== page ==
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Browsing: Papers of John Adams, Volume 8

Docno: ADMS-06-08-02-0218

Author: Jenings, Edmund
Recipient: Adams, John
Date: 1780-02-19

From Edmund Jenings

[salute] My Dear Sir

I cannot express the pleasure it gave me; when I heard of your Safe Arrival in Europe; permit me to congratulate you and myself thereon, and what is more our Country, whose true Interests I Know you have so much at heart. If I may trust the Common reports, you come in the Character of the blessed Peace Maker, who is always welcome to the Friends of Mankind; No one can wish you more success in your Mission, than I do, for your own honor and the general Good; and I am sure that Important business cannot be trusted in safer hands. How far the Common Ennemy may be disposed to Concur, I Know not, but at present He puts on the Appearance of more than common Insolence, having escapd this Summer from eminent danger, He thinks that Nothing can hurt Him, I trust however that He will be soon undeceivd, and find his Avarice and Ambition thoroughly Checkd.
Many reasons induced me to retire from Paris, soon after you had left Europe, and after staying some time at Boulogne to bathe in the Sea, I made a Circuit to this Town, where I have been for four Months, agitated by a thousand passions according to the Events, which have happend affecting our country.
The Seizure of the Dutch Ships is a matter that ought to touch all the Powers of Europe, I have written to Holland on the Subject to the Pensioner of the City of Amsterdam,1 in a manner which, I assure myself Sir, will meet with your approbation for tho the French may be bad; my Disposition was good. The private Views of the Stateholder, the Corruption of the Dutch, and the unprepared Condition of the States will prevent perhaps an immediate resentment from that Quarter, tho I should think in the End some good will arrive to Us from this desperate Step of the british Government.
Permit me, for it is certainly my Duty, to offer myself to execute whatever Commands you may please to lay on me here or Elsewhere; { 340 } the Conformity I found there was in our Sentiments will make that Duty pleasing to me. When I make this offer I assure myself you are satisfid of my Fidelity and Affection to my Country and the personal Esteem and respect with which I am Dear Sir Your Most faithful & Obt Hble Servt.
[signed] Edm: Jenings
Chez Monsieur Capelle
Rue des petits Carmes
1. That is, to Englebert Francois van Berckel. For “the seizure of the Dutch Ships,” see Alexander Gillon to JA, 14 Feb., note 3 (above).

Docno: ADMS-06-08-02-0219

Author: Lafayette, Marie-Joseph-Paul-Yves-Roch-Gilbert du Motier, marquis de
Recipient: Adams, John
Date: 1780-02-19

From the Marquis de Lafayette

[salute] Dear Sir

As I came but this morning from Versailles, it was not in my power sooner to answer to the letter you have honor'd me with,1 and this duty I now perform with the more pleasure that it is of some importance to the interests of America.
Since the first day when I had the happiness of making myself, and of being considered in the World as an American, I have always observ'd that among so many ways of attaking our liberties, and among the most ungenerous ones, treachery and falsehood have ever been the first weapons on which the British Nation have the most depended. I am glad it is in my power generaly to assure you, that the many Reports propagated by them and alluded to in your letter are not founded upon truth. New contracts with petty German Princes have not, I believe, taken place, and if any such Merchandise was sent to America it would at most consist of a few recruits. The troubles in Ireland if there is the least common sense amongst the first patriots in that country, are not, I hope, at an end, and it seems they now begin to raise new expectations. The Russian troops so much talk'd of in theyr gazettes I take to be mere Recruits for those thirty thousand Russians that Mr. Rivington had three years ago ordered to embark for America.2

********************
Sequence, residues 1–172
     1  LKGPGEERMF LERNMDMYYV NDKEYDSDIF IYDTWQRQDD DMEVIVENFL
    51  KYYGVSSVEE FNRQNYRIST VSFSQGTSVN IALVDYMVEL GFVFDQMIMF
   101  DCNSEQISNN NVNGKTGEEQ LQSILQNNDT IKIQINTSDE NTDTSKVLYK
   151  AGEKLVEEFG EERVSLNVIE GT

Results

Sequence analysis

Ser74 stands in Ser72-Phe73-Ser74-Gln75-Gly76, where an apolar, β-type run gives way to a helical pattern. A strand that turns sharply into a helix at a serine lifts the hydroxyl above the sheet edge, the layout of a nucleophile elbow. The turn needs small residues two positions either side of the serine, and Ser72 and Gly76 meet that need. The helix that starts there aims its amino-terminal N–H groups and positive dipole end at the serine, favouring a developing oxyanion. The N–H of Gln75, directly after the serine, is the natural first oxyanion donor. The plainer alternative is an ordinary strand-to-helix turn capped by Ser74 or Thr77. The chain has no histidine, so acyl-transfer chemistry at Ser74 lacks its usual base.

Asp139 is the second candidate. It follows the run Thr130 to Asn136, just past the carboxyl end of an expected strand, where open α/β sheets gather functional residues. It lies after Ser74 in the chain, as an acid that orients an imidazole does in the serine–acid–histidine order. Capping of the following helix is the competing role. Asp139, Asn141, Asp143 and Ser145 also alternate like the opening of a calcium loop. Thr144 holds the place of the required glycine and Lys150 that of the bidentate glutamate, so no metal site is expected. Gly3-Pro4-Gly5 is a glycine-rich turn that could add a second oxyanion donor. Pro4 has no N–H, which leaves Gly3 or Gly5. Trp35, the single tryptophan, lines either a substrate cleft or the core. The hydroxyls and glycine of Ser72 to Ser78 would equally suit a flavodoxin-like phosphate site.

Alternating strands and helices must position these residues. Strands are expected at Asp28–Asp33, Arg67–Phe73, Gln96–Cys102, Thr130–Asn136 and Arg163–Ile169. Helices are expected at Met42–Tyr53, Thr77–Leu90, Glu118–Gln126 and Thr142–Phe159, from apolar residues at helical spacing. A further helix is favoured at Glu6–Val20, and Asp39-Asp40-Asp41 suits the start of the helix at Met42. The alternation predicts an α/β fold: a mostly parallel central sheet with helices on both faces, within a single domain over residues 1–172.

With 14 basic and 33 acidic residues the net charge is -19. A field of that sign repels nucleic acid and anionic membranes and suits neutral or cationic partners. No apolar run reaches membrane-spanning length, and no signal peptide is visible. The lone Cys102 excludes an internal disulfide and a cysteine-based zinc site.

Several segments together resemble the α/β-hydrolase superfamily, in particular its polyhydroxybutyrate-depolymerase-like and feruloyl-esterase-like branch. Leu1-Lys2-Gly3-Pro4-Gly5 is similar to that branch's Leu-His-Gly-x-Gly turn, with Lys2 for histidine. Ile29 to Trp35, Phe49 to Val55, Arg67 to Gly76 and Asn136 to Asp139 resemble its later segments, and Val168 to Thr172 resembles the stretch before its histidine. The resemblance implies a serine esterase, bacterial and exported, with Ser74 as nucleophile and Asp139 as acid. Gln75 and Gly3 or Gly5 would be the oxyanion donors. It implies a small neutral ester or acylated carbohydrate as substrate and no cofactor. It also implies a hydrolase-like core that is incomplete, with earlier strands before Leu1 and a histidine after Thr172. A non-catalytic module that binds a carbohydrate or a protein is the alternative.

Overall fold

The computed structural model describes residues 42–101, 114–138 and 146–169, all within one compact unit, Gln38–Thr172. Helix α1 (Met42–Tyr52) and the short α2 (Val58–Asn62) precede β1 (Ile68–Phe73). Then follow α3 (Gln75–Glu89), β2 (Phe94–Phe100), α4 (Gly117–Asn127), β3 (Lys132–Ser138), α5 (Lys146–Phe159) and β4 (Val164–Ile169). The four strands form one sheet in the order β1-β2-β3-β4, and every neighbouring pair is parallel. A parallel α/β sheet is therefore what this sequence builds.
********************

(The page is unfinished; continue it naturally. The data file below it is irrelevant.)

Those intelligences, my dear sir, must be counter acted by letters to our friends in America. But as the Respect we owe to the free citizens of the United States makes it a point of duty for us never to deceive them, and as the most candid frankness must ever distinguish our side of the question from the cause of tyrranny and falsehood, I intend paying tomorrow morning a visit to the Minister of foreign affairs, and from him get so minuted intelligences as will answer your purpose.
{ 341 }
With the most sincere Regard and friendly affection I have the honor to Be Dear Sir Your most obedient humble servant
[signed] Lafayette M.G.3
P.S. On my Return from Versailles, my dear Sir, where I will settle the affair of arms that I had undertaken, I will impart you a project privately relating to me, that is not inconsistent with my sentiments for our country, America.4
RC (Adams Papers); docketed by John Thaxter: “Marquis de la Fayette 19th. Feby. 1780.”
1. This letter of 18 Feb. is not printed, but see JA's letter to Genet of the same date, note 1 (above).
2. This report appeared in Rivington's New York Gazette of 11 Oct. 1777.
3. Major General.
4. The nature of the “project” to be confided to JA is not known, but the “affair of arms” was probably a reference to Lafayette's ultimately successful effort to obtain “fifteen thousand stands of arms” for the Continental Army (Lafayette to Benjamin Franklin, 29 Feb. 1780, Lafayette in the Age of the American Revolution, ed. Stanley J. Idzerda and others, Ithaca, N.Y., 5 vols., 1977–1984, 2:359–360).
Cite web page as: Founding Families: Digital Editions of the Papers of the Winthrops and the Adamses, ed.C. James Taylor. Boston: Massachusetts Historical Society, 2018.